It's been a while since I had the muse to write here, but this has indeed been fruitful.

Since creating the package concept, using my scripting environment truly became comfortable.

I've started using it, modifying my docker helper commands a bit more, adding some additional concepts, and just plain using it without felling alienated in any way.

PowerShell has become my native Linux command line.

I still have a grasp of c-shell or bash, but for the most part, I'm comfortable remaining in PowerShell.

This effort to make PowerShell my home in Linux, made PowerShell a lot more usable for me everywhere. Could be because it was not a first class citizen on any of the platforms originally, could be just because of the resolution to commit for a while.

Bottom line, I'm sticking with it, but there is still much work to be done.

A sucker for abstraction

One thing I'm usually striving to is 'uniformity of abstraction', what I mean by that is that regardless of which environment I am working in, I want that environment to react in as similar a way as possible to any other environment.

It's tough, and being a senior procrastinator, it takes a long time to get things to that state. But that's another aspect PowerShell makes it easy (for me) to deal with it.

The (core) .net Framework surrounding PowerShell is such a versatile one, that makes most of my efforts worthwhile and the results enjoyable.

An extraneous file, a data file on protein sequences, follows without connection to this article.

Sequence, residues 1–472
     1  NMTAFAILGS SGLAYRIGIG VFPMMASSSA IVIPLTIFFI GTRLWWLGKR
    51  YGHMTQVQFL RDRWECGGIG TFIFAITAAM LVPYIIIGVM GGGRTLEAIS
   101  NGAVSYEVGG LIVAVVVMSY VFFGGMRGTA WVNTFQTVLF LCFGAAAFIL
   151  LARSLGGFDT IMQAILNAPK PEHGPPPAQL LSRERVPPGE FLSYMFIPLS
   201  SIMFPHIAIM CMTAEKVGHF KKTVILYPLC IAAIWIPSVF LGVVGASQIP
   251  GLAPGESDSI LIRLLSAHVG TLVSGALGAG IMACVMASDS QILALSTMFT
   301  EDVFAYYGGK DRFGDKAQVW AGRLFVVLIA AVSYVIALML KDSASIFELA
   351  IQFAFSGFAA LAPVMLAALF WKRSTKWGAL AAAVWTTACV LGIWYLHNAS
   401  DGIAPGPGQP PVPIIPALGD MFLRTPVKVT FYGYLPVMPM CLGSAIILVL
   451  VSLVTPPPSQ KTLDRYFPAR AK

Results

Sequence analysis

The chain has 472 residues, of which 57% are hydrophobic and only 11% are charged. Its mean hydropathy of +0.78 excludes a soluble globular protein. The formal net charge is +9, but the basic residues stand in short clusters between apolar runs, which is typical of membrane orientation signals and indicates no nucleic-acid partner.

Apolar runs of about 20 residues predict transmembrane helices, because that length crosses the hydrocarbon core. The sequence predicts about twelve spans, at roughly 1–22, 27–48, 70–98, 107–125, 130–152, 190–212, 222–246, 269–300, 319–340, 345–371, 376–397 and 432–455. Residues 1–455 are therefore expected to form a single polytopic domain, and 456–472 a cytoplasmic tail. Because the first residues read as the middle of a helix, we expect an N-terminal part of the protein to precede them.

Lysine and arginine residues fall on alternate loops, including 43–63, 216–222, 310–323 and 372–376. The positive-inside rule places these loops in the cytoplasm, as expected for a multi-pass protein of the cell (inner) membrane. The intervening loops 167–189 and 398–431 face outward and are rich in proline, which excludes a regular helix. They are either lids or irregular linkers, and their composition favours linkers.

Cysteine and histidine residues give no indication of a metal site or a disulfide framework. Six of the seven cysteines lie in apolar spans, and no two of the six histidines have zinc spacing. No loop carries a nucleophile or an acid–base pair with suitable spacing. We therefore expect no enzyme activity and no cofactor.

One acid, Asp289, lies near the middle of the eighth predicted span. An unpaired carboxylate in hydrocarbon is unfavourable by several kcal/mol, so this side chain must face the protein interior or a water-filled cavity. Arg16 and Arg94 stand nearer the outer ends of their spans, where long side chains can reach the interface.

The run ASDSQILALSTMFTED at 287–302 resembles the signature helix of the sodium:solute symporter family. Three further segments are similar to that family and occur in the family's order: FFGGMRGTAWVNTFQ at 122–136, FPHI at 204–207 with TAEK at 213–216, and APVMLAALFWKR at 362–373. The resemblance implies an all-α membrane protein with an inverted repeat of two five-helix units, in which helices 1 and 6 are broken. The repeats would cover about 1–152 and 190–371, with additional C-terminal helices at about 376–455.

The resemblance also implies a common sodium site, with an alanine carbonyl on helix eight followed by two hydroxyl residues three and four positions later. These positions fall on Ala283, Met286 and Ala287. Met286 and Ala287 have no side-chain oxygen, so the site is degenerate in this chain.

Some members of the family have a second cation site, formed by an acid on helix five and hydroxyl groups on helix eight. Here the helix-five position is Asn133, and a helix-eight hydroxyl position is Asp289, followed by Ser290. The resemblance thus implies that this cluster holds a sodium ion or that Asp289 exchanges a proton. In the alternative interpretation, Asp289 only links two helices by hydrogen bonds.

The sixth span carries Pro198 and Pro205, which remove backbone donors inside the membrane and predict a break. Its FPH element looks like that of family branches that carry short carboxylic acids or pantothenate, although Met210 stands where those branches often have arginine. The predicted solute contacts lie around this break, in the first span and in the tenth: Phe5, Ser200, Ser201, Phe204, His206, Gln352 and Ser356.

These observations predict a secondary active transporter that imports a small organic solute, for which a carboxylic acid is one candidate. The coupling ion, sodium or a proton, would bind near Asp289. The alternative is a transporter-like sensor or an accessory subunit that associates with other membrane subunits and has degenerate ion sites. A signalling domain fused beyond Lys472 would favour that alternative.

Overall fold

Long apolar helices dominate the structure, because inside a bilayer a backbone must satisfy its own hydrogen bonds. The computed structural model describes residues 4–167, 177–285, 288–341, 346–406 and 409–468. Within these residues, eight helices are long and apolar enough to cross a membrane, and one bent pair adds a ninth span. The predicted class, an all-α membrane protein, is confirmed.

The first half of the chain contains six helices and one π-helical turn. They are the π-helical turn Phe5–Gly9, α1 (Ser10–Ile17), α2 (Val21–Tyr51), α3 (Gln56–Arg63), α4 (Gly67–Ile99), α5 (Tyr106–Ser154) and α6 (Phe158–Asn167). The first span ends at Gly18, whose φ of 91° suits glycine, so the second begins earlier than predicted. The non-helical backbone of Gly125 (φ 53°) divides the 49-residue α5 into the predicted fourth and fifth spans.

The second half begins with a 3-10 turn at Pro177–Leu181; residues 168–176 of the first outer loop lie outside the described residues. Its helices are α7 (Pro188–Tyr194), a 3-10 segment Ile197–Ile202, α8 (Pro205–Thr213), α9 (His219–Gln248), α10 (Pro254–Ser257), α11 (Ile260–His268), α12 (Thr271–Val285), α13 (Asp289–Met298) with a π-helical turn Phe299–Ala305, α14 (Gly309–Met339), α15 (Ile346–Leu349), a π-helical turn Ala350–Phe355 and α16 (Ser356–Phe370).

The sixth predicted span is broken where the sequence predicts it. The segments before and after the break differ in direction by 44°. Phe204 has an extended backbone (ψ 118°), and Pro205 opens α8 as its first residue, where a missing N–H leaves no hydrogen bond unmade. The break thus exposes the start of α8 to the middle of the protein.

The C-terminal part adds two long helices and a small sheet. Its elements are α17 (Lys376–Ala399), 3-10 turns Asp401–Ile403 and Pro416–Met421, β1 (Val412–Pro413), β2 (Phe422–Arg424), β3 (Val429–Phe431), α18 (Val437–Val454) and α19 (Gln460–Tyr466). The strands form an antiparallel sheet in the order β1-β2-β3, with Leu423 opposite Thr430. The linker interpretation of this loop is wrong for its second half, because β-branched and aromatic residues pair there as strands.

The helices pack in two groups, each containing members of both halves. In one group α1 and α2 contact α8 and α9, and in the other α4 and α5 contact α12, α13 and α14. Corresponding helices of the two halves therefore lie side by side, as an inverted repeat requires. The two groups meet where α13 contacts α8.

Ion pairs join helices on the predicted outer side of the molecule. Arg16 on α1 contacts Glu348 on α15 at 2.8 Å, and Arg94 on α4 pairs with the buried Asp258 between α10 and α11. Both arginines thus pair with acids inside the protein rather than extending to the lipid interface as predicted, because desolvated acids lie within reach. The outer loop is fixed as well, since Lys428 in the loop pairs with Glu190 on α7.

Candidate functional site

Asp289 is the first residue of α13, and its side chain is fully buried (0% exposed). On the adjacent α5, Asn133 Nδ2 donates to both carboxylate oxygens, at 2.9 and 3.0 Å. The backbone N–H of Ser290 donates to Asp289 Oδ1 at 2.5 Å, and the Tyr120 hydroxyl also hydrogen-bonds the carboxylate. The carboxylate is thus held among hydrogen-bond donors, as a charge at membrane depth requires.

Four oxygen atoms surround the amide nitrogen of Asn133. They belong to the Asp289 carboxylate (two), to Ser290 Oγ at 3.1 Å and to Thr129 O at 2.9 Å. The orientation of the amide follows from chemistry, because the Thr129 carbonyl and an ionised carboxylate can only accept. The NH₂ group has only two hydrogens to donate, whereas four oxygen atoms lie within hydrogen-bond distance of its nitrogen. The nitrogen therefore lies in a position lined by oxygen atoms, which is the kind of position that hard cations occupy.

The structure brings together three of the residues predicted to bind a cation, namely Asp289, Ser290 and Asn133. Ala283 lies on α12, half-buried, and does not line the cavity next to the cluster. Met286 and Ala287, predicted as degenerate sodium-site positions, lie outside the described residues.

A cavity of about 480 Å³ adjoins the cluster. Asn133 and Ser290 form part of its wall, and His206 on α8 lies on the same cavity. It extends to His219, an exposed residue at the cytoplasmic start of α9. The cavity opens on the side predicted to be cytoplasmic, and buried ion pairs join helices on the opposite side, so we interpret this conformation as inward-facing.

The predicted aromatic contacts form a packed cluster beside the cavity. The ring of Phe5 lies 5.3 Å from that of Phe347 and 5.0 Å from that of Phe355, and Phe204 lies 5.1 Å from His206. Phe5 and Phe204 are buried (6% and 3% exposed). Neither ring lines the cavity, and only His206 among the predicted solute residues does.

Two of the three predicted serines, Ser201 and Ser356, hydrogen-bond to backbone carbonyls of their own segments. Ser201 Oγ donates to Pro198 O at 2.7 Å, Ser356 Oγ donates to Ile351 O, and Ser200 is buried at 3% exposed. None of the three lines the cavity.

Cut the crap! What do you do with it?

OK, so what do I do with the shell?

Mostly I manage my media server, which is docker container based, so a lot of docker commands and scripts. Those are all part of the docker package.

Since I help a few of my friends with their Linux-docker based media servers, I run manual maintenance via Ansible - this allows me to stay on top of system state, and control upgrades of packages manually.

As I mentioned before, I keep my scripts updated in a git repo, so when I edit a script on one machine, I can commit it to the repo, and using Ansible have all the servers pull the change at once.

I think going forward, there isn't going to be a whole lot of development to report on, so it might be a good time to dive deep into the package from the beginning, this time taking a guided tour into the script dir, installing it, and using it.

Evolving from usage to maintenance, and then detailed analysis of the structure, should be a good guide to whoever (including myself) chooses to review the code in the future.

Until the next update.